James Lovelock's recent essay in the Independent has prompted abundant discussion across the sustainable blogosphere, including here at WorldChanging, with Alan's recent post on Mega-Engineering. It's a dark and intentionally depressing vision of widespread famine, ecological crashes and conflict -- all driven by human-caused global warming. Lovelock, who claims to be an optimist on most issues, simply cannot see a way for humankind to avoid utter ruin.

The commentaries and discussions arising from the Lovelock essay have been wide-ranging, but the one that stands out for me is Bruce Sterling's most recent Viridian Note, wherein he tears apart Lovelock in a caustic and merciless fashion. This is Bruce with poisoned daggers drawn, and unlike some of Lovelock's critics, he doesn't pay lip service to Lovelock's past influence.

As much as the Gaia concept helped to spur the consideration of the planet as a system of systems, I must admit to a great deal of sympathy for Bruce's take. Lovelock was once a highly-regarded environmental scientist, but little of that shows in this essay. Instead, he joins the list of apocaphiles, strenuously denying that humans can do anything else but wallow in their own filth and destroy the planet (or, as he describes it, put Gaia into a "morbid fever" for 100,000 years). He expresses great dismay that we've come to this state, but offers neither solutions nor solace, choosing instead to detail some of the awful ways that billions of us will die.

I really dislike apocaphilia.

Apocaphiles tell us that our fate is pre-determined, and that any attempt to avoid it is doomed to failure. They're not simply defeatist, they're positively offended by any suggestion that we might figure out a way to avoid disaster.


I dislike apocaphilia because I believe that deeds can make a difference.

I also dislike apocaphilia because it presumes to predict the future. The truth is, we simply cannot know if we are, in fact, doomed. We may be -- but there's a damn good chance that we aren't, at least if we make an effort to change global conditions. And that, ultimately, is what makes me so irritated at doomsayers: the denial of our ability to make a difference. Tell people over and over that there's nothing that they can do, and eventually they'll start to believe you, making the negative outcome inevitable. I would much rather try to change things for the better and fail than to lie back and just let the world collapse around me.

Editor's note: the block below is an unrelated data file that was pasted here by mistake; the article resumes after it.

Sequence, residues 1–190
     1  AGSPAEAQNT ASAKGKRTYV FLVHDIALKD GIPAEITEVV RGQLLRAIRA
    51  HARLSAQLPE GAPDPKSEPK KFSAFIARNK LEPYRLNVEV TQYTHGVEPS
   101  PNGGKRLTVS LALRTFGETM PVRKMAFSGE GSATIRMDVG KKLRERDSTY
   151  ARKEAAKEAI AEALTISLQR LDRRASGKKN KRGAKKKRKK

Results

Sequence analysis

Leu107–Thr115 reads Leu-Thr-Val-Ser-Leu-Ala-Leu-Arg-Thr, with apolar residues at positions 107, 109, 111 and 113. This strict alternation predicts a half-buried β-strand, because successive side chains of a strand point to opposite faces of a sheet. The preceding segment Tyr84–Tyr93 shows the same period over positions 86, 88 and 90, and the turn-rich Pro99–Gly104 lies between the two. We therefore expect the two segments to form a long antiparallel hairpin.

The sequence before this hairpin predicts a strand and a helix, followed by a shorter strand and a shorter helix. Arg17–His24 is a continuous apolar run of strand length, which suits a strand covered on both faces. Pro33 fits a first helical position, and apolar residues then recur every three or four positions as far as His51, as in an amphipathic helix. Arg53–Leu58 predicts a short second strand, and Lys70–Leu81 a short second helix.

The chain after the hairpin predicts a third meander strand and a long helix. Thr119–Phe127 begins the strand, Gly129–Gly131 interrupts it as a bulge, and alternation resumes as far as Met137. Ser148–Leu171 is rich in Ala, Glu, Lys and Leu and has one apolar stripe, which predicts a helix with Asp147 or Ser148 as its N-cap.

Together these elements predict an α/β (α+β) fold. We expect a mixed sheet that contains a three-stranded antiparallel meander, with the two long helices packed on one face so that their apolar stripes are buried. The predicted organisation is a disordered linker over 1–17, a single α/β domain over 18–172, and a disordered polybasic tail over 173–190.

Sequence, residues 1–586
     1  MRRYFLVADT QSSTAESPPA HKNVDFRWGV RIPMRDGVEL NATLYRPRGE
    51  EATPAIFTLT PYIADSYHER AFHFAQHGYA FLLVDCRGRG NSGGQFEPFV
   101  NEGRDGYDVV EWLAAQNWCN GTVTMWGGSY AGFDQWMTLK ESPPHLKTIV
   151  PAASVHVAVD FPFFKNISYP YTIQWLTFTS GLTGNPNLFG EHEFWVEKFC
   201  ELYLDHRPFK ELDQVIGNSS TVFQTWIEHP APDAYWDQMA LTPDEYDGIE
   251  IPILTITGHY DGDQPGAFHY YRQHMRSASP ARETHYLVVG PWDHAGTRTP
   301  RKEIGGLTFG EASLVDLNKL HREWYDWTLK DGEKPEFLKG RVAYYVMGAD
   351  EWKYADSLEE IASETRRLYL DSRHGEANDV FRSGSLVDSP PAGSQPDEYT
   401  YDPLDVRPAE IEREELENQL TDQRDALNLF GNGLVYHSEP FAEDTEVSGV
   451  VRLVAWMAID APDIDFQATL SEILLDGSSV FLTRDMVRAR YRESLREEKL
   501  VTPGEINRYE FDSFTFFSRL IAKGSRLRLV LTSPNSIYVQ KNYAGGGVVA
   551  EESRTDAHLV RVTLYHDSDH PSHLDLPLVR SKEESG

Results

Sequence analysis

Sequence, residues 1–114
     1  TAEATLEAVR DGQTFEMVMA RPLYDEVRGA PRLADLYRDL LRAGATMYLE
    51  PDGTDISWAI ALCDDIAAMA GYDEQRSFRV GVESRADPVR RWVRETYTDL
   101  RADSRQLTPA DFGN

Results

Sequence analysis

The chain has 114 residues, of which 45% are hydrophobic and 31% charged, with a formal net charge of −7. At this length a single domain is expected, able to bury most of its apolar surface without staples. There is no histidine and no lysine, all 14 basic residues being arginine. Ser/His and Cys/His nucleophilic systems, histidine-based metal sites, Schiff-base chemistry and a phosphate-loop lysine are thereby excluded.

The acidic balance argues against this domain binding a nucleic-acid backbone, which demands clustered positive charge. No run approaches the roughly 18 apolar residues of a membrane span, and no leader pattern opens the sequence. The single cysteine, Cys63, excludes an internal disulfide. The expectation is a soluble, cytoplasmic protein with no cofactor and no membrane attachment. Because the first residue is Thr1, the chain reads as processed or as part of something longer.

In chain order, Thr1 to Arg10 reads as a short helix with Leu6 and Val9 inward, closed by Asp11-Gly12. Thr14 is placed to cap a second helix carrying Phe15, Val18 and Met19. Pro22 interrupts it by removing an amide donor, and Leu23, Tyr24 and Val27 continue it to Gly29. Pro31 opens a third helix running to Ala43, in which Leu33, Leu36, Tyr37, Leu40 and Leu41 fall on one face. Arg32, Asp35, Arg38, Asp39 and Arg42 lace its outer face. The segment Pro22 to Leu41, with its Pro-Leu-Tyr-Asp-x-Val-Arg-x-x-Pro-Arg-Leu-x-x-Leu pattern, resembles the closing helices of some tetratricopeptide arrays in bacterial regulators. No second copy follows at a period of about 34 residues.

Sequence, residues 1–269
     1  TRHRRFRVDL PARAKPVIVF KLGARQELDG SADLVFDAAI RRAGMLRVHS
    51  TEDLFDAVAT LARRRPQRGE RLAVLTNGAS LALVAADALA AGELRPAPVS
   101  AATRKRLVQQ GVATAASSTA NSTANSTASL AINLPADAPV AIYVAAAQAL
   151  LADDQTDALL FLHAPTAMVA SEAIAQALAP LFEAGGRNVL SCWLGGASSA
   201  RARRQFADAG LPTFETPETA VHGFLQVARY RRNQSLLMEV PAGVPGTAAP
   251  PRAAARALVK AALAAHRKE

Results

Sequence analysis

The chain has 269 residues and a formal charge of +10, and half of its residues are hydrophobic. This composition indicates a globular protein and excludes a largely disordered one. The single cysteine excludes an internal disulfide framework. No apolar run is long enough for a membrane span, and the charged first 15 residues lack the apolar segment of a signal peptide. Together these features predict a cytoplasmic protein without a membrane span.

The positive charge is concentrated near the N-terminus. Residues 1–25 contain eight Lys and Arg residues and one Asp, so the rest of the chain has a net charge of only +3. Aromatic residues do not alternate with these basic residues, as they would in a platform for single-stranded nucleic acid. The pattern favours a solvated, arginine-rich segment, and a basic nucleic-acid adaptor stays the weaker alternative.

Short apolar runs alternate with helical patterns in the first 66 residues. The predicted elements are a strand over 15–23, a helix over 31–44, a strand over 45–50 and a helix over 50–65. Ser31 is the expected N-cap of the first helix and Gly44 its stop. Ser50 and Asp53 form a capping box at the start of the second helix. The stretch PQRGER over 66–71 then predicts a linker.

Lovelock tells us that billions of us will die, that it's too late to stop the end of the world. I say that such an outcome is a choice, one that we need not make.

On the topic of apocaphiliacs, James Kunstler's latest diary is quite well done, even if it is, unsurprisingly, rather depressing. Has the US north east really deteriorated as much as he says or is this just a very negative view of the region ? Comments from any readers from up that way are welcome.
It would be hard to imagine a sadder landscape than these rural backwaters along the New York / Vermont border. Geographically they are still beautiful. It's a region of tender hills, well-wooded now, and ribboned with trout streams. It's the human furnishings that are desolate and what they say about what we have become as a nation. This was a farming region of course, and the re-growth of the woods is a symptom of farming's decline the past fifty years.

Dairying was the big thing through the first three-quarters of the 20th century. But regional milk production became irrelevant during the decades of cheap oil, when New Yorkers could just as easily get milk and cheese from Wisconsin or California. So now only a few relic farms still operate.

Every building in the landscape related to farming is now decrepit. Siding and shingles have peeled off the barns. The sills are rotting and the ridgeboards sag. The tractor sheds are too far gone to keep tractors in, so the machines sit out in the rain now. The older houses -- many of them dating from the Greek Revival of the 1850s -- are subject to indignities beyond simple neglect. Many are partially cocooned in plastic, because fixing the wooden parts was too expensive, or just too difficult for people whose skills are now limited to operating cars, televisions, and forklifts. The yards are littered with plastic debris: tricycles, hoses, and patio chairs disintegrating under the daily ultraviolet -- and you could see it all because a week of January temperatures into the 50s melted all the snow cover off.

You can track the decades of overgrowth in the pastures: sumac and poplar in the early going, then regular trees. In many places, stone walls from the 19th century run along the roads in woods that were sheep meadows a hundred and fifty years ago. You have to wonder how long all that wood will be there now, with heating bills up 50 percent this year and no relief in sight.

Indeed, I wonder if the remnant of people living here will have any idea what to do with their land, when the forklift jobs in the Target Store regional warehouse thirty-eight miles away are no longer there. I'd like to suppose that even people unaccustomed to challenges can be resilient and resourceful when they simply have to be. But if the televisions stay on, they may just choose to die in front of them.